• The electronic access system needs to be upgraded, and visitor access logs should be used in the facility
  • The chain of custody cannot be maintained for large items that do not fit into the evidence lockers
  • Refrigerators need to be locked to protect the chain of custody
  • Bio evidence is comingled with other evidence and is not in a temperature­ controlled environment
  • Older sexual assault kits are not stored in a temperature-controlled room
  • Current barcoding practices make it difficult to retrieve evidence and conduct regular inventories
  • Items transferred to court or used for investigations are not properly recorded and tracked
  • A written policy is needed for the determination of ownership for found property
  • Inventory data should be reviewed regularly to determine the need for purging
  • Enhanced controls are needed for the destruction of guns and drugs

Timeline of events regarding Property & Evidence Department

The is what the City wants to be done and the timeframe:

Phase 1 – 60 to 90 days

  • Inventory the cash held in the safe room. This cash should be counted, verified, and then compared to recorded cases in the system. The cash will then be properly deposited at the bank per regulation.
  • Implement security check-in/out logs for all of Property & Evidence, including the safe room.
  • Implement new procedures for various processes for handling of all property and evidence based on regulations.
  • Begin processes to update the facility for additional security and safe storage for various types of Property & Evidence.
  • Begin a complete warehouse inventory and purge (this will be in process for all phases).
  • Complete verifications of tracking for guns, drugs, and jewelry.
  • Provide additional training to staff as deemed necessary.
  • Create a new area to separate out the new evidence coming in from the old evidence.
  • Revisions for policies that are not in compliance with regulations.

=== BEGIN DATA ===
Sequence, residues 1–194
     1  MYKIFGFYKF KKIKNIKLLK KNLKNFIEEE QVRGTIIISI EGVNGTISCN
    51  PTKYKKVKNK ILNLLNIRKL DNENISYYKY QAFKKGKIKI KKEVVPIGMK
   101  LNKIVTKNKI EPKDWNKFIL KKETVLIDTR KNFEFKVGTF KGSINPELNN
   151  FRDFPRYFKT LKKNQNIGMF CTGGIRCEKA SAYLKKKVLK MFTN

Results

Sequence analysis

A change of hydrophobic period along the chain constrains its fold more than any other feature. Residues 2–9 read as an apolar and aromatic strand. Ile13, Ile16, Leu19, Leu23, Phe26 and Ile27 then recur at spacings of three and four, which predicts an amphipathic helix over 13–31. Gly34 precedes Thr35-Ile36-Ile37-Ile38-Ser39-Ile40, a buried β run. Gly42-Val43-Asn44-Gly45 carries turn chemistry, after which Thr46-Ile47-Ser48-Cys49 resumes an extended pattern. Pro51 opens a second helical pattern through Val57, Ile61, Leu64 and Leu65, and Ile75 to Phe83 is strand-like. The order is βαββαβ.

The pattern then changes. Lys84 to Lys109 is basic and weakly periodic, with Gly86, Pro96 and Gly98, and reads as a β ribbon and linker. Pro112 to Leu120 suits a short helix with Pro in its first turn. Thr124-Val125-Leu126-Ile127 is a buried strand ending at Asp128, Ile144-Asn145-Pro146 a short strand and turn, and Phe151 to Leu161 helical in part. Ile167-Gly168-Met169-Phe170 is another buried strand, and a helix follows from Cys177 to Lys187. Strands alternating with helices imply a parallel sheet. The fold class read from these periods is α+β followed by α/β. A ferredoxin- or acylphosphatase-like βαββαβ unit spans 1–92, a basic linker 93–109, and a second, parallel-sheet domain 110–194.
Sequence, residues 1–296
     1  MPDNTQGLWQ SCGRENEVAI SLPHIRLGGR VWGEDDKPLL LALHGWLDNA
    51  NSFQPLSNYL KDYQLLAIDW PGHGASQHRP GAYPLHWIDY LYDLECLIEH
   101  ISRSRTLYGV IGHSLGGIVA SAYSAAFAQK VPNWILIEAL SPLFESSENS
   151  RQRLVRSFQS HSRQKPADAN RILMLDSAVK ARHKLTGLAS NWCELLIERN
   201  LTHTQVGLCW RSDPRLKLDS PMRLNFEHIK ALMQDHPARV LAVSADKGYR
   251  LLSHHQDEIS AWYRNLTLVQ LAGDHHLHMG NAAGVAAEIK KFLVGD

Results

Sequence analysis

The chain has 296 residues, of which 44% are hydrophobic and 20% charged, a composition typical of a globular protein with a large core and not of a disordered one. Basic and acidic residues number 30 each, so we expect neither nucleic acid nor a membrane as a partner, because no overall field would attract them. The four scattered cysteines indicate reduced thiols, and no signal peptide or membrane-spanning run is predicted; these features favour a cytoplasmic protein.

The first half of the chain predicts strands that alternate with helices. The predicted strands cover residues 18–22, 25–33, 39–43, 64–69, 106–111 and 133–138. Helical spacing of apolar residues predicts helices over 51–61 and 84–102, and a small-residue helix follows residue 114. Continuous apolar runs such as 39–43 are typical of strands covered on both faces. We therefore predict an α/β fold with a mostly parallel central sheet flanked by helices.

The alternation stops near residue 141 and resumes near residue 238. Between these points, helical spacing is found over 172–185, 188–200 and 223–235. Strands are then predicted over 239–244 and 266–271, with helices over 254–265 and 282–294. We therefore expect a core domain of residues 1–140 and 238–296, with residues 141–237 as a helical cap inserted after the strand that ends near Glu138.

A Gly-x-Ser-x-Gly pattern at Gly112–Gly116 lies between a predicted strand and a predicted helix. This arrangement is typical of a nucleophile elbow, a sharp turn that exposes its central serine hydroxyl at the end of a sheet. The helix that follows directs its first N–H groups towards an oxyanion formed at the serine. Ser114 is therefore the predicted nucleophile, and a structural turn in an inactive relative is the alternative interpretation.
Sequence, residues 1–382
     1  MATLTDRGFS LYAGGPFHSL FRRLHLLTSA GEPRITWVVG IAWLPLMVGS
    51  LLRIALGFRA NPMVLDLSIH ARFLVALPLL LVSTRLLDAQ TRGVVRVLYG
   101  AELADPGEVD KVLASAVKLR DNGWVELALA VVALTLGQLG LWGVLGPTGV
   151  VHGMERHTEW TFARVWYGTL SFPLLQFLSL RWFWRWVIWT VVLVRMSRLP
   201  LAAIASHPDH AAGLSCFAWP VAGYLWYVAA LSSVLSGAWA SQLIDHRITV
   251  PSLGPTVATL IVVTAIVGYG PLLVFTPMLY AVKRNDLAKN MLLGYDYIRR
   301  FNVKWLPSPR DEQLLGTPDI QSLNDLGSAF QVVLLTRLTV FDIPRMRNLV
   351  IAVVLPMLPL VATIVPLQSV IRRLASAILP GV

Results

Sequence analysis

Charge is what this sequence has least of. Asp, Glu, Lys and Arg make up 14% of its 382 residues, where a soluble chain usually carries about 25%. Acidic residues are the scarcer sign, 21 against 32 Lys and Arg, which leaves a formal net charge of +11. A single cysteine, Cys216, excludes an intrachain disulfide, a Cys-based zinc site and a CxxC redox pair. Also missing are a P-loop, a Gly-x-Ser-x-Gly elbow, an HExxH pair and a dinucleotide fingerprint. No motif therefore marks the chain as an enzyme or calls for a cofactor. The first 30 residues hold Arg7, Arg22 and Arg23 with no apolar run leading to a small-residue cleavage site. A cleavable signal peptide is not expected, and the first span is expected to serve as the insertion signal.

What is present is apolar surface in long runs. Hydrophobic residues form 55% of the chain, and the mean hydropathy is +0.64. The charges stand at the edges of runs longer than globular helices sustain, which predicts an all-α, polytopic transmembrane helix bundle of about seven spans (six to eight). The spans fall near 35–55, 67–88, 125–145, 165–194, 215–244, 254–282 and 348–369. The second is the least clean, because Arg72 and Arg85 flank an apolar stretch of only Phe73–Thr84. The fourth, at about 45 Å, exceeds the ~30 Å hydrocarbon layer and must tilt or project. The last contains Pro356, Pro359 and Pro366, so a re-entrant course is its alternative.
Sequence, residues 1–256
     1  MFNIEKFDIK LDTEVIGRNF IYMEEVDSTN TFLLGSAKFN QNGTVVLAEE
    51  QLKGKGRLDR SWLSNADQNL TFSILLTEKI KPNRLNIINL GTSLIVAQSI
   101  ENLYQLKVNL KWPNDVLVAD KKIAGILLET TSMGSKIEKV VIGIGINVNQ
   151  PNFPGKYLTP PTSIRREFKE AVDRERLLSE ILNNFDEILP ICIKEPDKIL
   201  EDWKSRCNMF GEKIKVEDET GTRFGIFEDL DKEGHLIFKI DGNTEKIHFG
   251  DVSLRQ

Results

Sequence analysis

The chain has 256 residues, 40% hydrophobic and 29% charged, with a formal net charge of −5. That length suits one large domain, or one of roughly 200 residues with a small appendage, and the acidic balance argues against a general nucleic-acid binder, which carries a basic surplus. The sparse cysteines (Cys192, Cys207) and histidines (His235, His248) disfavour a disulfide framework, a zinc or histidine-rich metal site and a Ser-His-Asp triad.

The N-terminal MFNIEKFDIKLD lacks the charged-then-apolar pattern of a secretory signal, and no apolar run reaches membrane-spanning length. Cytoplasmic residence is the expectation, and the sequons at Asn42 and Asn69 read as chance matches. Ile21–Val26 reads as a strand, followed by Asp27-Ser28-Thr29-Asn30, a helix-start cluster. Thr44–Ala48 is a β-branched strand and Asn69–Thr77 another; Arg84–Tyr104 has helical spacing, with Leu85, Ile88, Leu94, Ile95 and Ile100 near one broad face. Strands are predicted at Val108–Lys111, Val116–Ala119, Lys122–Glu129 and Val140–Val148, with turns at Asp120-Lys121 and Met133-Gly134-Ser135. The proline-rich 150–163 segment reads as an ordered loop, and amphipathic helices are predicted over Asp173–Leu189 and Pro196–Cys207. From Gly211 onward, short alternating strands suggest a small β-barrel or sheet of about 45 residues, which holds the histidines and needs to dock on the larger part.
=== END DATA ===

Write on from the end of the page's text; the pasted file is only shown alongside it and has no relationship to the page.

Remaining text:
Phase 2 – 90-180 days

  • Continue the warehouse inventory and purge (this will be in process for all phases).
  • Revisions for policies that are not in compliance with regulations.
  • Update substation evidence lockers.
  • Continue with facility maintenance and building updates.
  • Provide additional training.

Phase 3 – 180-365 days

  • Continue the warehouse inventory and purge (this will be in process for all phases).
  • Final cleanup and review of implemented policies and procedures.
  • Final updates to facility and changes as deemed necessary.

Phase 4 – After Phases 1-3 are completed

  • Bring back the 3rd party auditor to review changes and determine if we are back up to code.
  • Continuous monitoring from Internal Auditor on the changes implemented.

Phase 5 – After Phase 4 completed

  • Complete the ANAB (ANSI National Accreditation Board) Accreditation of Property & Evidence

The City says incoming Interim Chief Troy Livingston and internal auditor Kristina Rose will be tasked with tackling the action items. Layton said that when the City selects a new police chief, that person should be given the power to “hit the ground running” to fix the issues that have been identified.

“Our city form of government does not allow the electeds to directly interfere with the day-to-day operations of different departments, and that includes the Wichita Police Department,” Whipple said

He will appoint a task force to look into WPD and what can be done to help with issues and transparency as problems arise. Whipple hopes to make the appointments during the next City Council meeting.

“At the end of the day, we need to take action now. Not later,” said Blubaugh.

Council member Blubaugh is asking city leaders and WPD staff if council members can get a look inside the facility.